Despite reports to the contrary, volunteering and giving in Lane County is not new. by Pat Farr

Occupy Eugene has gotten a lot of people talking.  That’s an understatement.  And it’s also good.  The media is paying attention to the camp and to the issues the occupants talk about.  It’s interesting that their initial message was a global one, following the Occupy Wall Street model of using demonstration and resistance to draw attention to “corporate greed.”  That’s a model that grew all over the US and the world to the point that when it came to Eugene and somebody asked the City Manager why this group should be looked at differently to any other in regard to camping laws and land use the response was something to the effect that this was a national movement that deserved special attention.

But it evolved and gained momentum in Eugene, as movements have a tendency to in Eugene, (it likely evolved elsewhere, but we do it so much better here).  It became focused much more on the conditions surrounding homelessness, hunger and other serious human conditions.

It was pointed out that there were homeless people in Eugene.  And some people were hungry.  And for some reason some among the movement thought that those conditions had gone unnoticed and ignored in our community until it was pointed out by demonstrations in the downtown park blocks, Alton Baker Park, Franklin Boulevard, on the University of Oregon Campus and now at the Washington-Jefferson Street Park portion of the Willamette Greenway.

What a shame, and what a slap in the faces of the thousands and thousands and thousands of people who for decades have been giving their time, their money and their hearts to the needy people in our community. Few people in Lane County are ignorant to the fact that we have hungry kids all around us.  Most people have heard that one out of three will access emergency food this year.  Many have given to make sure that there is emergency food to access.

But volunteering and giving in our county goes far beyond hanging food on your mail box twice a year.  Please continue to do that and all the other things you do to help provide basic needs for men and women and children.  But also take a look around you.  As well as yourself, your neighbors have a long history of giving and volunteering and they’re not about to stop doing it.

People volunteer and give everywhere.  From the Bethel Clothes Closet at Bethesda Lutheran Church (and clothing drives at nearly every other church in town) to service groups like Kiwanis and Rotary and Lions to non-profit corporations like FOOD for Lane County and Relief Nursery to the parents and kids who volunteer in schools raising funds and guarding cross walks.  Volunteers are, and have always been, everywhere.  As you read this I’ll wager you can think of a host of times you have personally given time, goods or money to help out.

So doesn’t it bug you, at least a little, to have somebody suggest that they are bringing people’s basic needs that aren’t being met to our attention for the first time?

I became Executive Director of FOOD for Lane County in 2004.  At that time I was stunned by the number of hours that organization alone has been given in volunteer hours.  In the year prior to my arrival over 58,000 hours of volunteer time had been given.  Fifty-eight thousand hours. In just the one organization of many around town and in just one year.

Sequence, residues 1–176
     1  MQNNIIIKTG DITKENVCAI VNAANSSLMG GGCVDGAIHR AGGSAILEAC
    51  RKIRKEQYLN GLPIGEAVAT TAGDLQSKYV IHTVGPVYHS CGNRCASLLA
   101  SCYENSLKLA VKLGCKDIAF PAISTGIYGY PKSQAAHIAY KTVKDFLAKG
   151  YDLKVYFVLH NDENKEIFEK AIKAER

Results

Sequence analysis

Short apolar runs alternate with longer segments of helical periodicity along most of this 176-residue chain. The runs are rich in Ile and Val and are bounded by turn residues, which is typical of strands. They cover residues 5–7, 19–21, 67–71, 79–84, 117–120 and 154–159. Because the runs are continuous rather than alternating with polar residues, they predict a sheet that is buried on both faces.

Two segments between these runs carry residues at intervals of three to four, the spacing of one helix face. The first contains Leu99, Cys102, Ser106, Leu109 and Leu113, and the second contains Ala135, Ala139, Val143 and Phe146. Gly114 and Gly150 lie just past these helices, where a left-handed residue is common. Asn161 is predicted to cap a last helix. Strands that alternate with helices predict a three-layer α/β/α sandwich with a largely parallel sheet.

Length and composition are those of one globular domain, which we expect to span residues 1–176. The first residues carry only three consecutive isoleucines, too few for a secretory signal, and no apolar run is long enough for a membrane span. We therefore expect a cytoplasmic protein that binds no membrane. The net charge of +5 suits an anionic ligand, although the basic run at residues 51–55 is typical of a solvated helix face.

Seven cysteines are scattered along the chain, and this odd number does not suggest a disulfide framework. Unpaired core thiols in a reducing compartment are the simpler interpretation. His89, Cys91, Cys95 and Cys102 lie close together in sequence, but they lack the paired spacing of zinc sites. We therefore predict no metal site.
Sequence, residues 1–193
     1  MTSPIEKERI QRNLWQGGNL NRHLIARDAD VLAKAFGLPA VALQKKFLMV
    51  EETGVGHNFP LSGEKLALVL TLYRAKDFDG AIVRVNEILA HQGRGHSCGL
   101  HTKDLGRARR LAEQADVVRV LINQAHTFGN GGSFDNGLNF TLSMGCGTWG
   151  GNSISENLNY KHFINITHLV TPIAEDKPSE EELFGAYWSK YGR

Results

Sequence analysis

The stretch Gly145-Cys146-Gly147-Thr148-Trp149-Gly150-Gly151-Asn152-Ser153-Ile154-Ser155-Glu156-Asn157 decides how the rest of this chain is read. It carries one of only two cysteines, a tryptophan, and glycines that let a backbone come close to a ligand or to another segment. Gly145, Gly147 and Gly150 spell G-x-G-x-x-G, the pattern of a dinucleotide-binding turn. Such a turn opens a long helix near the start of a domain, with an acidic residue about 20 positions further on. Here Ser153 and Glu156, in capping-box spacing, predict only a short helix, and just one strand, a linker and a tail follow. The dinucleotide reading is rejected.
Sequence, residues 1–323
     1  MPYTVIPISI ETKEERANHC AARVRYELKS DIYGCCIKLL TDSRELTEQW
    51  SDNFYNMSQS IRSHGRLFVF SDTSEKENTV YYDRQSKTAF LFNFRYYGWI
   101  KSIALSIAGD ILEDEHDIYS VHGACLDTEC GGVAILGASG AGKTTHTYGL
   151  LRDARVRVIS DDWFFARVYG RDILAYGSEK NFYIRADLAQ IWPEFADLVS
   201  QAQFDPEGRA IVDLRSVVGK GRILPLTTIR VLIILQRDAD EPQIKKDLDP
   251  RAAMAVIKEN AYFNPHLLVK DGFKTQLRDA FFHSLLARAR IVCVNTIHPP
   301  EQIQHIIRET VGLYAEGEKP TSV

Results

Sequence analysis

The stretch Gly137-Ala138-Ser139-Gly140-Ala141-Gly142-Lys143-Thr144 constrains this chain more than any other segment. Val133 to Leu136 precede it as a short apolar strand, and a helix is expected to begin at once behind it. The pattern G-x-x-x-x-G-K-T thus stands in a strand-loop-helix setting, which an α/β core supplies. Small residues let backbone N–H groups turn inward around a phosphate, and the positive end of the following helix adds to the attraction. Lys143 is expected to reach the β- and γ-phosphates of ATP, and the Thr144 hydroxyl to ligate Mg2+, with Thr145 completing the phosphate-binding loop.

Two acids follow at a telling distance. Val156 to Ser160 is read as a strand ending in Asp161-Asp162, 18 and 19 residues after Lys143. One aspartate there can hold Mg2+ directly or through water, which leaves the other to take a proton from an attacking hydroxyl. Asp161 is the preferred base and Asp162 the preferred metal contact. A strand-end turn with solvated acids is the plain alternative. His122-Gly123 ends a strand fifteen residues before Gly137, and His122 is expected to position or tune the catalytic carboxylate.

Further research shows that FOOD for Lane County had over 175,000 volunteer hours in the five years prior to that.  And by all accounts in the last eight years the numbers have continued to rise.  And this is just FOOD for Lane County.  You or somebody you work with most likely, statistically, has volunteered there.  And that doesn’t count the Rotary Duck Race volunteers and the Relief Nursery workers and the people who help patients at McKenzie Willamette Hospital.

It’s amazing how generous the people of Lane County have always been.  And it’s a little frustrating for somebody to come along and suggest that you haven’t done anything before.

Read on if you want to see some of the ways you and your neighbors have volunteered at this one agency alone.



At FOOD for Lane County (as with other agencies) volunteers lend a hand in many areas:

Board of Directors

FOOD for Lane County’s volunteer Board of Directors represents various geographical areas and backgrounds throughout Lane County.

Day Kitchen

Monday through Friday, volunteers gather in the afternoon at the FOOD for Lane County kitchen to prepare food for the Family Dinner Program, repack bulk products, sort and clean donated produce and perform other kitchen tasks as needed.

Family Dinner Program

Volunteers work at FOOD for Lane County’s Dining Room to assist with food preparation in the afternoon and with serving meals and clean up in the evening. The Dining Room serves meals Monday through Thursday.

Food Rescue Express (FREX)

FREX volunteers repackage rescued food for distribution to pantries and meal sites around Lane County. The FREX kitchen operates Monday through Friday evenings and depends on a staff of more than 150 volunteers each week.


Volunteers work year-round at FFLC’s three gardens to participate in a variety of activities, including soil preparation, planting, harvesting, composting and greenhouse projects.

Summer Food Program

FOOD for Lane County serves free, nutritious lunches to children during the summer through its Summer Food Program. Volunteers prepare lunches in FFLC’s kitchen and serve lunches to children at sites located throughout Lane County.


Volunteers help with basic warehouse tasks such as cleaning, loading and unloading trucks and vans, sorting donated food and helping with pickups and deliveries.

With so many ways to volunteer around every corner it’s no wonder that people in Lane County have always done it!

Visit FOOD for Lane County

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